Brazil has stepped up its fight against cheap imports from Asia, strengthening border controls and increasing antidumping measures, as well as offering $16-billion (U.S.) in tax breaks to revive the country’s own flagging manufacturers.
Despite enjoying one of the highest growth rates in the world, Brazil has seen its industry shrivel over recent months as a result of the surging local currency, which has made exports less competitive and encouraged cheap imports, mainly from China.
Only a week after introducing harsh new rules to rein in the Brazilian real, Brazil’s government turned its attention to imports on Tuesday, arguing that it was necessary to take further action to protect the country’s industry in the face of an ever weaker dollar.
“We must protect our economy, our manufacturing efforts, and our jobs,” said President Dilma Rousseff, speaking at the presidential palace in Brasília. “Brazil has the means to deal with this drawn-out crisis [abroad]... we have the means to keep resisting in a systematic way.”
As part of a wide-ranging industrial plan labelled “Bigger Brazil,” the government promised to quadruple the number of trade investigators in the country to 120.
In an effort to stop foreign manufacturers avoiding trade restrictions by rerouting their products via other South American countries, the government also said it would cancel import licences if products were not labelled with the correct country of origin.
As well as pledging to strengthen border controls and take tougher action on violations of intellectual property, the government also offered a package of tax exemptions totalling R$25-billion ($16-billion U.S.) to help the hard-hit textile, footwear, furniture and software industries.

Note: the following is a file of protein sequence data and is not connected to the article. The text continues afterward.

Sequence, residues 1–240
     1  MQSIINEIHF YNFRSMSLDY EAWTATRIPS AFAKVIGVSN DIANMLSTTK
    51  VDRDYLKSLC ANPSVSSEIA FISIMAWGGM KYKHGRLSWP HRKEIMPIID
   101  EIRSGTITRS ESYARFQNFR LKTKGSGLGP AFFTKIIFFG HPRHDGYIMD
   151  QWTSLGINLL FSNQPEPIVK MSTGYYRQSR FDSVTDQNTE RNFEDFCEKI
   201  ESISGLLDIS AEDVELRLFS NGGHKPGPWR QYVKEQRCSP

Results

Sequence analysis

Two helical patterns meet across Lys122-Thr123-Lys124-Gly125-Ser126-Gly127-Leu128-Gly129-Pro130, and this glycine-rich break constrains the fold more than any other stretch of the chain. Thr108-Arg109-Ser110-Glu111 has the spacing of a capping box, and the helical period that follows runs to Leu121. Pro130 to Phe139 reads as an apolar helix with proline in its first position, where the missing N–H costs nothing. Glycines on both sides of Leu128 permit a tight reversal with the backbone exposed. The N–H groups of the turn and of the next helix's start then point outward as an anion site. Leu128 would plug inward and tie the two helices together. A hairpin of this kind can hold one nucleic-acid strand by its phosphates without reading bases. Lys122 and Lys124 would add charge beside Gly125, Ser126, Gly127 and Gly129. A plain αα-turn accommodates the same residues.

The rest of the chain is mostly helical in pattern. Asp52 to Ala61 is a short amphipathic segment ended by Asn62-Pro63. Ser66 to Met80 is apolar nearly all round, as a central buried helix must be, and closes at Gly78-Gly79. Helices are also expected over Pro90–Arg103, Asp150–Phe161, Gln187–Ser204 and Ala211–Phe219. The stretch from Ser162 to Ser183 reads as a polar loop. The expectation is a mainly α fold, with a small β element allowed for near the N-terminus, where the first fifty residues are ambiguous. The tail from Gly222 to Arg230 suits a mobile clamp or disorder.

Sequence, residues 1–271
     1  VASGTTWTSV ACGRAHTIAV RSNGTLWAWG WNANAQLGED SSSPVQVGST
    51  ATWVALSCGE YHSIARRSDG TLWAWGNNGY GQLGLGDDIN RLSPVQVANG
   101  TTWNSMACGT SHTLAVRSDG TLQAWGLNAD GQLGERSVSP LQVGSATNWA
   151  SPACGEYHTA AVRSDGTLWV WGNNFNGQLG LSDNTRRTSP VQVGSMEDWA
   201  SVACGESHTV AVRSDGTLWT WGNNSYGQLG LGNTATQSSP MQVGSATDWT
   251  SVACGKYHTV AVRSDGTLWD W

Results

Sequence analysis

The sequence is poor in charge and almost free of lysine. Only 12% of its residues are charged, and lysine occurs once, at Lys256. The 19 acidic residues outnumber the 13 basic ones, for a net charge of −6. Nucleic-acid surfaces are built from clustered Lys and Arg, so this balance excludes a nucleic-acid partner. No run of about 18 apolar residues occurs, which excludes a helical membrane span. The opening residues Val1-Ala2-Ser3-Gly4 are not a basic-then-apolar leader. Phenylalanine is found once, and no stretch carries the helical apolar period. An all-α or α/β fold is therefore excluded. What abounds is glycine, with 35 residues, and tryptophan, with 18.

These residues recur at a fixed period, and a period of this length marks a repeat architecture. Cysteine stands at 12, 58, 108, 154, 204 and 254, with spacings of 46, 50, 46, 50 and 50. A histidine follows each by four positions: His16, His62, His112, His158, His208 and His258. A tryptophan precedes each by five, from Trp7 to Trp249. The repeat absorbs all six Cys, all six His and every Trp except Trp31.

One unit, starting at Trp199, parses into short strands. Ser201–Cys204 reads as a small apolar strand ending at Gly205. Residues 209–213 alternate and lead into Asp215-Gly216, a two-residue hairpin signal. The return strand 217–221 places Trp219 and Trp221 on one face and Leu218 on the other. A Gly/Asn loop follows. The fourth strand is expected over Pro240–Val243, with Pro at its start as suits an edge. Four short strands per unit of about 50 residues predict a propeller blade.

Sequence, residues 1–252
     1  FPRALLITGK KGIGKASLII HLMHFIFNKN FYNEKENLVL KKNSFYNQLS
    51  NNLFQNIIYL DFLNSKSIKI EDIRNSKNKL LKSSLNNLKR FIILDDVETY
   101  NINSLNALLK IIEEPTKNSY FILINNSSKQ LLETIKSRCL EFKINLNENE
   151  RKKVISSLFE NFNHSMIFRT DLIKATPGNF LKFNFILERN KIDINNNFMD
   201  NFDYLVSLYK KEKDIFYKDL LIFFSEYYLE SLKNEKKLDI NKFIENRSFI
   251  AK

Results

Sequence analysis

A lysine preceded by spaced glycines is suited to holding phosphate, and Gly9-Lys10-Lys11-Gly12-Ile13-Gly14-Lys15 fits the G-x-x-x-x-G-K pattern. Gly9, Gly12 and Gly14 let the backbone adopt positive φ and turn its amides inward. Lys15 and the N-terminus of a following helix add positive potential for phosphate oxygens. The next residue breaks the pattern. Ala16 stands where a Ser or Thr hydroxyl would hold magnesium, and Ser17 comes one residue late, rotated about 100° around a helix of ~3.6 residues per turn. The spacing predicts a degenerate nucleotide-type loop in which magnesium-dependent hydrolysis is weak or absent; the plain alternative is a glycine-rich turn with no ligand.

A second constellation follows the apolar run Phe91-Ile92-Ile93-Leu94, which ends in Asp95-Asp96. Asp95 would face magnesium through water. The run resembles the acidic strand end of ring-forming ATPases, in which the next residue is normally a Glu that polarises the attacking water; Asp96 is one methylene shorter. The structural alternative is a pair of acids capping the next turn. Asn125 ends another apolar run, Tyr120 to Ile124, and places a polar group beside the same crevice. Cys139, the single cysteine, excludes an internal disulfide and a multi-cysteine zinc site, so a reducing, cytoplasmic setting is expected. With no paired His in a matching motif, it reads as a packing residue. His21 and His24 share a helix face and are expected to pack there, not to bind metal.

“Some of these measures make sense: in certain sectors there is a problem with the ‘triangulation’ of exports where, for example, Chinese companies set up depots in Paraguay so they can import into Brazil,” said Tony Volpon, head of emerging markets research for the Americas at Nomura.
However, analysts were largely skeptical that the latest series of measures would be enough to solve Brazil’s perennial problem of controlling its vast borders, often deep in the Amazon jungle, as well as resuscitating the country’s manufacturers.
The “Bigger Brazil” plan was announced hours after new industrial data showed the country’s output fell 1.6 per cent in June – the second worst decline in production since 2008, according to the national statistics industry.
Many manufacturers blame the strength of the real, which has appreciated more than 6 per cent against the dollar this year and is currently trading at about a 12-year high in spite of recent government efforts to curb the currency by imposing higher trading taxes.
Analysts also pointed to the fact that cheap imports actually help Brazil to control inflation, which is currently running above the upper limit of the central bank’s annual target of 6.5 per cent.
“Imports aren’t really the problem,” Mr. Volpon said. “In fact, they are saving Brazil from the problem of inflation.”
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